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Today: a designer who makes $102,900 per year and spends some of her money this week on art supplies.
Location: Brooklyn, NY
Net Worth: ~$168,000 (inclusive of retirement, investment, checking, and saving accounts; no debt, loans, or mortgage.)
Paycheck Amount (biweekly): $2,330
Rent: $2,200 (I live by myself in a studio.)
Wi-Fi: $0 (normally $40, but my company is expensing Wi-Fi during mandatory WFH)
Phone: $0 (I only have a company phone)
Electricity: ~$80 (my apartment runs on electricity for everything)
Equinox and ClassPass Memberships: $0 (both currently frozen due to COVID-19)
Health Insurance: $0 (covered by employer)
Spotify Premium: $9
New York Times: $4
New York Magazine: $5
NPR Coffee Club: $16.15
iCloud Storage: $1
Savings: $0 (I recently switched to frontloading investment contributions after previously contributing ~$950/month)
401(k): ~$1,200 ($600/paycheck, but almost maxed out for the year)
Roth IRA: Max out every January
Was there an expectation for you to attend higher education? Did you participate in any form of higher education? If yes, how did you pay for it?
My parents are immigrants who came to the U.S. for their master's degrees, so there was not only an expectation growing up to attend higher education, but to get into a top university. I initially went to a mid-tier, in-state public school but transferred after a year to a top ten, out-of-state private school due to self-inflicted pressure and shame. My parents paid for my education in full. I tried to lessen my burden on them by stacking my high school schedules with AP and honors classes, taking summer classes, and graduating early.
Growing up, what kind of conversations did you have about money? Did your parent/guardian(s) educate you about finances?
We didn't talk about money and I had to do a lot of self-education as I got older. By the time I was in middle school, my parents had clawed their way up to being comfortably upper middle class, but there was always this immigrant-scarcity mindset looming over us — my parents definitely struggled when they first immigrated and did a lot of manual labor jobs to get by. I definitely inherited my mom's frugality.
What was your first job and why did you get it?
My first job with a W-2 was as a server at a Taiwanese fast-casual restaurant in my university town. I wanted spending money and didn't feel comfortable asking my parents for it. Before that, I had done various miscellaneous jobs, like helping senior neighbors with paperwork and driving kids to summer camp.
Did you worry about money growing up?
No, though I do remember my mom crying in 2007 when the stock market crashed. She said she lost what she and my dad had been saving for my brother and my college funds. I didn't understand investing at the time, but I felt her fear.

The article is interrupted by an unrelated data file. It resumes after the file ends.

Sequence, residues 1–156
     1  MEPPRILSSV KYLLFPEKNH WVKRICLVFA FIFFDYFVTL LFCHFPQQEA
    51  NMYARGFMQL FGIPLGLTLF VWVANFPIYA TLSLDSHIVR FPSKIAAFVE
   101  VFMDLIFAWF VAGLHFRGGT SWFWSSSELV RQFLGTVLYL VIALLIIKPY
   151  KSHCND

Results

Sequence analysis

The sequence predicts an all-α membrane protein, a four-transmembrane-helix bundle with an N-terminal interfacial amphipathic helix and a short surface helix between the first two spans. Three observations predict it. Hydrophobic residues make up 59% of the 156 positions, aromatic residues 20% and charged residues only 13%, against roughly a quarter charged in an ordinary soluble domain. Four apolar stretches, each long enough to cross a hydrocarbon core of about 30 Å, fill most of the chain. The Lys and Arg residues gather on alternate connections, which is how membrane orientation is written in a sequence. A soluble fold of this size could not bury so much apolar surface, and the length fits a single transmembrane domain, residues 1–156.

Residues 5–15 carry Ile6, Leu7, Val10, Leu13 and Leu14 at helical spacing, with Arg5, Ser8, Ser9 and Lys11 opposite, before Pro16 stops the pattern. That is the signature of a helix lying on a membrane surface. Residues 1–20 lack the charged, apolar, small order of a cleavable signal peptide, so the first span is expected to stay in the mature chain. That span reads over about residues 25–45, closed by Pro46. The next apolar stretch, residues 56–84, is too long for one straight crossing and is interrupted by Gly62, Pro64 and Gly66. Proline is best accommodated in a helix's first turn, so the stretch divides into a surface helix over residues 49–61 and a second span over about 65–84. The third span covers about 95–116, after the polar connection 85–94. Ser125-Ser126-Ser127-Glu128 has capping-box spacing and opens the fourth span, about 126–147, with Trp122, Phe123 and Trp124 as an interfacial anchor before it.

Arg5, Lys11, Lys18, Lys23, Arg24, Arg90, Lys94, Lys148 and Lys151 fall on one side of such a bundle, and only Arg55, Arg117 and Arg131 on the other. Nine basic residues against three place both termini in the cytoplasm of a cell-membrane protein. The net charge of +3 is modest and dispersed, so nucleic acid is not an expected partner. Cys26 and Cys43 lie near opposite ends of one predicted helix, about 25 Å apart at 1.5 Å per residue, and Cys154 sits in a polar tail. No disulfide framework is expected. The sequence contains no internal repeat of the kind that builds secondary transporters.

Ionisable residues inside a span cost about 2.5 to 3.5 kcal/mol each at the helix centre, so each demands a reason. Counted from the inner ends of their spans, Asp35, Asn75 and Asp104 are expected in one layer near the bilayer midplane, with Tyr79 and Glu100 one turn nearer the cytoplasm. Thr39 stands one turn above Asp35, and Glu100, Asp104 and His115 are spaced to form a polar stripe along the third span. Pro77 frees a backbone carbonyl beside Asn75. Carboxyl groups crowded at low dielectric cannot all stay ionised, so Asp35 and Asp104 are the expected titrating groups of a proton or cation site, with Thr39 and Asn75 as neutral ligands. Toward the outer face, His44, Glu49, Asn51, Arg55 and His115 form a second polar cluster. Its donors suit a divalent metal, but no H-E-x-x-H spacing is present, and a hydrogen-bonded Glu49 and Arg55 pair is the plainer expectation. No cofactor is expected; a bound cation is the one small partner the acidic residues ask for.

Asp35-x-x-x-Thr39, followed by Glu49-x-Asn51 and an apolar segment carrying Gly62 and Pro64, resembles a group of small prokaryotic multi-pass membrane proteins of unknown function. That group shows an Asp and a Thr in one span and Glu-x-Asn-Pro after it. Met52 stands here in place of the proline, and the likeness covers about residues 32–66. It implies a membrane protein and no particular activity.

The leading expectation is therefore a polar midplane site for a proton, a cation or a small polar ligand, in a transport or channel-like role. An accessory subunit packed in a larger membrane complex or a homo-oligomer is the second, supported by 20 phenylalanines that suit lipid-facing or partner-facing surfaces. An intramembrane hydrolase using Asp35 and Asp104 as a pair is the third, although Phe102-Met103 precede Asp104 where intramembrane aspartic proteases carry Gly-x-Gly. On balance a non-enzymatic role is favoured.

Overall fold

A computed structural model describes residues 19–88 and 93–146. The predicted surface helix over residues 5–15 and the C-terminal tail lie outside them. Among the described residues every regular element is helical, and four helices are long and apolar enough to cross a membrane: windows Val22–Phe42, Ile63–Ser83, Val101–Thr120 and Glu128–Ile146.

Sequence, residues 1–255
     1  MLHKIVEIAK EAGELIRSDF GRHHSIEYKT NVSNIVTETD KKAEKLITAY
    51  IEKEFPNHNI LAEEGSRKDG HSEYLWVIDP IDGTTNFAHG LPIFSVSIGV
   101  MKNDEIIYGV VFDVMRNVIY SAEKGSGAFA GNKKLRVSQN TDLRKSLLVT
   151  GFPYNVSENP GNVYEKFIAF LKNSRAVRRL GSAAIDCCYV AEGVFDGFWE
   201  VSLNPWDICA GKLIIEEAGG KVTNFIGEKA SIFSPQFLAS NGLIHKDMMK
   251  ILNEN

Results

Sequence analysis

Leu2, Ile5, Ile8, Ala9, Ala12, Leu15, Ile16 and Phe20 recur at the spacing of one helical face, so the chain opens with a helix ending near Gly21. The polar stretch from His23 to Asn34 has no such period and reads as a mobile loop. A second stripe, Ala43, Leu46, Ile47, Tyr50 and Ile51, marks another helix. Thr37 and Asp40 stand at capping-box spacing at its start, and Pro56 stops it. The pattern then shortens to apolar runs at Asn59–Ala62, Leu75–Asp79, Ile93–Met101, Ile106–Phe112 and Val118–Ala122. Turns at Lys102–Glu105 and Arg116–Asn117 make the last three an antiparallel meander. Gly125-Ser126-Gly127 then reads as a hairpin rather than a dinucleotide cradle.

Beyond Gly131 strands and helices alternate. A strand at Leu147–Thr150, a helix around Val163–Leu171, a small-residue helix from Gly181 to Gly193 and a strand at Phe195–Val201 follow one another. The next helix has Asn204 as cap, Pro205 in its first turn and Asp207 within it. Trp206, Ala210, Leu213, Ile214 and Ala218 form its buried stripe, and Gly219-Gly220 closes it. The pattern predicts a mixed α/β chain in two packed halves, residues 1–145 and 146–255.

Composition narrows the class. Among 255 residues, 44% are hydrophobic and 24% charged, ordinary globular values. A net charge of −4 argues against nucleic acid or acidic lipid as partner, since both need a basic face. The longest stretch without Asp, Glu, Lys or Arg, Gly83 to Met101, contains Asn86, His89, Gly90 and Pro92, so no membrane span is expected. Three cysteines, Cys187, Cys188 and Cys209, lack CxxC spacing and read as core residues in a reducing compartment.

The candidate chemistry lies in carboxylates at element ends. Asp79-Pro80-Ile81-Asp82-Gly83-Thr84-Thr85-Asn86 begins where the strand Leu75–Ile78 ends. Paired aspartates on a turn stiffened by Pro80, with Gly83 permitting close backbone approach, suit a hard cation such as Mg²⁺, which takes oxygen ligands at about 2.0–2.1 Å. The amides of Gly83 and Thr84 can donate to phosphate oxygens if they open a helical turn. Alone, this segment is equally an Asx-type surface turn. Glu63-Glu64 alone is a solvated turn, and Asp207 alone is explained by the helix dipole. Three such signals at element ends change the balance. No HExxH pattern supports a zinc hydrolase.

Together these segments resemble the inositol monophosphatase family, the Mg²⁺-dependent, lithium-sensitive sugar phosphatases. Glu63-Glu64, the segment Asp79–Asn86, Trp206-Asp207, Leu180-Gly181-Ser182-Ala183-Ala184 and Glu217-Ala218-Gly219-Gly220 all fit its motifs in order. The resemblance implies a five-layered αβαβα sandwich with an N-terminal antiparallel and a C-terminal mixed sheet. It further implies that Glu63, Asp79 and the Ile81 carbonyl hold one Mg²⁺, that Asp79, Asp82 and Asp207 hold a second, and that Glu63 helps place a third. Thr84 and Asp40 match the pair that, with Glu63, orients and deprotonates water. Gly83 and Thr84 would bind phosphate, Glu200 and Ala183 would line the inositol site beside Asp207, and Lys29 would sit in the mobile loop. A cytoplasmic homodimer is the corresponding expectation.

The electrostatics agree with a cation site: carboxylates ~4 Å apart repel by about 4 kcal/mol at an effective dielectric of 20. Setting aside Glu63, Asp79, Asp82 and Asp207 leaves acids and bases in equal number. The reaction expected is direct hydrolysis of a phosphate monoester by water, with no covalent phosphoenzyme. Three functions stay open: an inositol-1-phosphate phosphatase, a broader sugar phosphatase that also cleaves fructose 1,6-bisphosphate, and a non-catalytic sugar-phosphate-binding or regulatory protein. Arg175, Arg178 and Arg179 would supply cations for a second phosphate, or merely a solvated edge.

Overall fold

Do you worry about money now?
No, I feel quite stable and that I'm living within my means.
At what age did you become financially responsible for yourself and do you have a financial safety net?
Around 21 or 22 after graduating college. I try to be as self-sufficient as possible now, so I'm off the family phone plan and on my own health insurance. However, I do know my parents would help me out or let me move back home if things went awry.
Do you or have you ever received passive or inherited income? If yes, please explain.
8:30 a.m. — I wake up feeling extremely not well-rested. I spiraled a bit last night and then stayed up way too late looking at out-of-stock European road bikes and I'm still feeling emotionally low. It's pandemic fatigue, being worked to the bone, and physical injury compounding. My wrist has been bothering me a lot so I try to hype my non-runner self up to go for a run and take time off from cycling and lifting. I change into an Outdoor Voices set, but end up cleaning my kitchen to procrastinate.
10:30 a.m. — My boyfriend texts me asking if I want to run, so now I have no excuse. I jog over to meet him. We do a mile and a half but then my calf starts acting up. I get frustrated and cry on the field as we take a stretch break. I have terrible body image and it's been hard to push cruel self-talk out of my brain when I can't focus on things like strength and endurance due to injury.
11:30 a.m. — We end up doing three miles total. I feel embarrassed about crying (I've been crying a lot lately) and ask if he wants to get coffee. We walk up through Brooklyn and stop at a bakery. I get myself a cortado and a slice of honey pear loaf and my boyfriend an espresso and a raspberry danish. $18.90
12:30 p.m. — We sit on an empty bench by the water and share our pastries. He coaxes me to actually talk about what I'm feeling and the floodgates open again. I tell him how I feel lonely and disconnected from most people and like a loser for how the only parts I like and am proud of about myself are closely intertwined with job performance.
2 p.m. — He walks with me to the art supply store. He's been encouraging me to paint again and I've been making excuses. I pick up brushes, pencils, canvas, a palette, and five tubes of acrylic paint. $81.08